As a fashion and costume designer, when Masterpiece approached me to write on fashion in the Nigerian film industry, I was thrilled to take up the challenge – particularly when I learnt that Kate Henshaw was also to be featured. Ms Henshaw has been in the business since the mid-90s, and her perfect figure, immaculate styling and appearance in films like When the Sun Sets and The House Of Truth have sent so many women rushing to boutiques to emulate her look.
I first learned how to source Nigerian clothes as assistant to the costume designer on The Secret Laughter of Women, starring a young Colin Firth. Nigerian friends came to my rescue, teaching me Nigerian style and even loaning me some of their own pieces. So in 2006, when I was approached by film director Steve Gukas to be costume designer for A Place In The Stars, a high-budget film shot in Nigeria, I seized the chance. It was my first experience of working in Nigeria, and I was so impressed by the dedication shown by cast and crew. Getting the wardrobe together was a feat of organisation: my lovely assistants and I designed some of the clothes, bought others and borrowed the rest. We managed to dress Segun Arinze, who played the villain, in a black kaftan with white embroidery by the late fashion designer Remi Lagos, famed across Africa for her kaftans and boubous. When I saw the film later, seeing items borrowed from close friends on screen made me laugh and took me straight back to those crazy, wonderful days on set.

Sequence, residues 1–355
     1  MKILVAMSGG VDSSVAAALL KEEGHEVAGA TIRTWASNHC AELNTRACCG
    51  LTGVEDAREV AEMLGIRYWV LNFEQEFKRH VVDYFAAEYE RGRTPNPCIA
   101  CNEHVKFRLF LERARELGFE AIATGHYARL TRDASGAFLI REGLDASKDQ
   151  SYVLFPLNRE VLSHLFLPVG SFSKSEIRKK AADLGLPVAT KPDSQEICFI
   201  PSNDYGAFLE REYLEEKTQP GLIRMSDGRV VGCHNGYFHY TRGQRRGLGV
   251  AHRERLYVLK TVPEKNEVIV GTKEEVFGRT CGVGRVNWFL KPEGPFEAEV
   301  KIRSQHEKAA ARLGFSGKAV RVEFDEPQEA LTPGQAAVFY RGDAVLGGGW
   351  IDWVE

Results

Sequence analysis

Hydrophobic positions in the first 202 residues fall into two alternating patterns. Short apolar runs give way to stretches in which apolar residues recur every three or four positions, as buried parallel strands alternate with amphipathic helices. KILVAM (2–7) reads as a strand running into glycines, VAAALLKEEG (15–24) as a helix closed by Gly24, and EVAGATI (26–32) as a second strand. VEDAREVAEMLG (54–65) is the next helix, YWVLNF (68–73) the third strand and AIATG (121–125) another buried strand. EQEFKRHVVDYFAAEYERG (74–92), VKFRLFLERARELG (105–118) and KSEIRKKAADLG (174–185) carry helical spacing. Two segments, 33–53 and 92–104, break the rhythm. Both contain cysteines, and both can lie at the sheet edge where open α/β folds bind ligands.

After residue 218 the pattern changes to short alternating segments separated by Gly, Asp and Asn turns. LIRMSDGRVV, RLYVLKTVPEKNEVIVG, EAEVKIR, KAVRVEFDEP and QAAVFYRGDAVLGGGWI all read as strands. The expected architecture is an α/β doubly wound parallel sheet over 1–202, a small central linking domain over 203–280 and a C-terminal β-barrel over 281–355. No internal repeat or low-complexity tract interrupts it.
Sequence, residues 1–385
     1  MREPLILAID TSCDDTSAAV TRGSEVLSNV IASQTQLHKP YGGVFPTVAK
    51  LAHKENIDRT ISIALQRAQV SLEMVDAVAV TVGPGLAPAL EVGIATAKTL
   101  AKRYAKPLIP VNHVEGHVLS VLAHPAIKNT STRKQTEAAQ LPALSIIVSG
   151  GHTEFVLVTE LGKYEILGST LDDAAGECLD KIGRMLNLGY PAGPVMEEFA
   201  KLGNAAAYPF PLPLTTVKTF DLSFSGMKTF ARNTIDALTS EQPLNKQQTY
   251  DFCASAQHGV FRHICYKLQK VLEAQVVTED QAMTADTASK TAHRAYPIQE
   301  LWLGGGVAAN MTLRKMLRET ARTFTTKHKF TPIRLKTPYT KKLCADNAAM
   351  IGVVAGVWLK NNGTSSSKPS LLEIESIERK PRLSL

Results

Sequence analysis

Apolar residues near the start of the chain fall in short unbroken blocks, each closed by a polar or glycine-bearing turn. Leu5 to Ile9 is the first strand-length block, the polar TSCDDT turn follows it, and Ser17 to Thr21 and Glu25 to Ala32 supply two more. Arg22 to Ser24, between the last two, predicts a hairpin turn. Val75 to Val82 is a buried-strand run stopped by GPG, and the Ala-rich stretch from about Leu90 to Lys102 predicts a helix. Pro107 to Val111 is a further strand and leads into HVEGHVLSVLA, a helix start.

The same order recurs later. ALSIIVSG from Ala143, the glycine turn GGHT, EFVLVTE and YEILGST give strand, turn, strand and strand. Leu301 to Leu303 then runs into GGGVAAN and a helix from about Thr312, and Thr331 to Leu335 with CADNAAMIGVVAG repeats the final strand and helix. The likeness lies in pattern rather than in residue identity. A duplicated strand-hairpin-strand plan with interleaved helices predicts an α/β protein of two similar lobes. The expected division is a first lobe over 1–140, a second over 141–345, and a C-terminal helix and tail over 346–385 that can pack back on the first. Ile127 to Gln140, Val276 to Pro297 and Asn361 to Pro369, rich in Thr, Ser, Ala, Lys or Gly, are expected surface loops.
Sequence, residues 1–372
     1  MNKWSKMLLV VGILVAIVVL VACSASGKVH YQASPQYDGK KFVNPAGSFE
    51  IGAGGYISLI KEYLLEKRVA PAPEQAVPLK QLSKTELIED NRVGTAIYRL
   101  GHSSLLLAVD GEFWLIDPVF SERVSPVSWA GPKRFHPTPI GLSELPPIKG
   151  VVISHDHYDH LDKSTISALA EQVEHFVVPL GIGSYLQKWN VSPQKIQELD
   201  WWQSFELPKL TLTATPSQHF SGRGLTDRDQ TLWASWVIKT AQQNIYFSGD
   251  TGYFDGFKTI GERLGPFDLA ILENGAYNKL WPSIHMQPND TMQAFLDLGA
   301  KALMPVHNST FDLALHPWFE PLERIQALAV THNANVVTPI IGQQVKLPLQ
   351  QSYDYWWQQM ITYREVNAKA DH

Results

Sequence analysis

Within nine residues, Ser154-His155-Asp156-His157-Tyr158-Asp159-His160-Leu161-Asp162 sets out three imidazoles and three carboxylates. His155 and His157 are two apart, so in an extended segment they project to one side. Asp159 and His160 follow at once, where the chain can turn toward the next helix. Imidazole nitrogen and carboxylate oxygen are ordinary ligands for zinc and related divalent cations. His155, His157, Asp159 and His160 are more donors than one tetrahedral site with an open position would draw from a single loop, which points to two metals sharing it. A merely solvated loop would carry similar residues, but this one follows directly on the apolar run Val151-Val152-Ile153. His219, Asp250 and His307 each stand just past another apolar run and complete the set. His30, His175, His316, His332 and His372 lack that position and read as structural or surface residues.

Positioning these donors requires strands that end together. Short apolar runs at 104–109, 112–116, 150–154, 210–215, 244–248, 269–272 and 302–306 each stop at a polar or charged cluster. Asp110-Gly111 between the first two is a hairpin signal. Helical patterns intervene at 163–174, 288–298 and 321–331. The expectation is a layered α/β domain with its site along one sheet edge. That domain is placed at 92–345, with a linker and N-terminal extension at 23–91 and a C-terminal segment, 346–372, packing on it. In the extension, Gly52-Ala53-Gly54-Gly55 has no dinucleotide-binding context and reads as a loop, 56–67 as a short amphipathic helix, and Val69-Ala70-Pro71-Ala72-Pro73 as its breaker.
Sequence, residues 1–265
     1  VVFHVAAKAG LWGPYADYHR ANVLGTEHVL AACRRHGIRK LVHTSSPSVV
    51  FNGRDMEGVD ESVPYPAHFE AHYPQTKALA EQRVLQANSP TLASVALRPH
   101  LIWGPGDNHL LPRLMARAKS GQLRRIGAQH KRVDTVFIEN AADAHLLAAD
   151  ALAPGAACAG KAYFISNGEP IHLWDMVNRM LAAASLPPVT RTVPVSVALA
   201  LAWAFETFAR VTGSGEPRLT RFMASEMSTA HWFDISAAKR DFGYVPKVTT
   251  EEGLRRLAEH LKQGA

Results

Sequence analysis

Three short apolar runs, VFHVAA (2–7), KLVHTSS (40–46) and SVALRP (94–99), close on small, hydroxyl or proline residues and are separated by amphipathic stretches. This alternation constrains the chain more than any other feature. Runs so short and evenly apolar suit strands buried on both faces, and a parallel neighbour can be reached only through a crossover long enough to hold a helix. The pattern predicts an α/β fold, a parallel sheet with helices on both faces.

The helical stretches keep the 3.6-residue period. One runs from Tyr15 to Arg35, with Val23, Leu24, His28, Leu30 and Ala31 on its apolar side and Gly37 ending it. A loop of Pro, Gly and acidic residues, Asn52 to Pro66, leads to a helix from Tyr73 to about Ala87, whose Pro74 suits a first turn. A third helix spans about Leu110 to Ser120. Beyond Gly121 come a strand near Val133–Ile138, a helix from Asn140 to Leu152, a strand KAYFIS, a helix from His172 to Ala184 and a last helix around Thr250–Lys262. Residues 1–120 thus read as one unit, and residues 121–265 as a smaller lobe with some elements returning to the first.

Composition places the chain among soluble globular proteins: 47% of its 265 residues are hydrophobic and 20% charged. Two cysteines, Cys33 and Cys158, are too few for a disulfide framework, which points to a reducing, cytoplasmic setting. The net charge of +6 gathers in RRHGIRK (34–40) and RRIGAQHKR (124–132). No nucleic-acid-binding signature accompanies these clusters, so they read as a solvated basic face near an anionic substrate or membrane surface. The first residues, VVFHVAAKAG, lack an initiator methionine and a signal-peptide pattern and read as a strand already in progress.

When I was flying to the UK some years ago, a friend gave me DVDs of the Lekki Wives series to take to his family in London, along with a film starring Nigerian actress Rita Dominic. I confess I watched them before I handed them over, and I was riveted! I immediately rang the producer of Lekki Wives, Blessing Egbe, to ask if I could collaborate on the next series – and that’s why, in the final montage, you’ll see all the actresses wearing beautiful red evening dresses.
Over my years in the business, I’ve seen how Nigerians in general are very fashion-conscious: any opportunity to dress up, and they’ll seize it. The Amaa and Amvca awards – the ‘Nigerian Oscars’ – are a fashion parade and we were so excited to be asked to dress the hosts, Peace Anyim and Wangi Mba Uzoukwu. Their brief was ‘elegance’ and I believe we met it. Nigerian actors and actresses also turn out in full regalia for these events, with stylists and PAs working round the clock to make sure their clients look their best. We’ve been privileged to dress actresses such as Bimbo Akintola and Shaffy Bello to receive their awards. In fact, we were invited to join the team of the hit Dstv series Battleground because the producers knew we dressed ladies such as Hajia Abbah Folawiyo, Senator Ita Giwa, Mrs Opral Benson, Senator Daisy Danjuma, Hajia Bola Shagaya and others, who have made fashion history in Nigeria, and they wanted us to bring the same styling to Shaffy Bello, the matriarch in the series.
But Nigerian film fashion is not just about glamour: it’s also about society, reflecting the people it portrays. Mo Abudu’s Wedding Party series, for example, mirrored Nigerians’ love of elegance by giving us guests in traditional garb, showcasing the richness of Yoruba and Ibo culture. History and culture, on and off screen: clothes are not just clothes – as Shakespeare said, “the apparel oft proclaims the man” (or woman), and I’ve hugely enjoyed my role as ‘apparel maker’ for Nigerian films.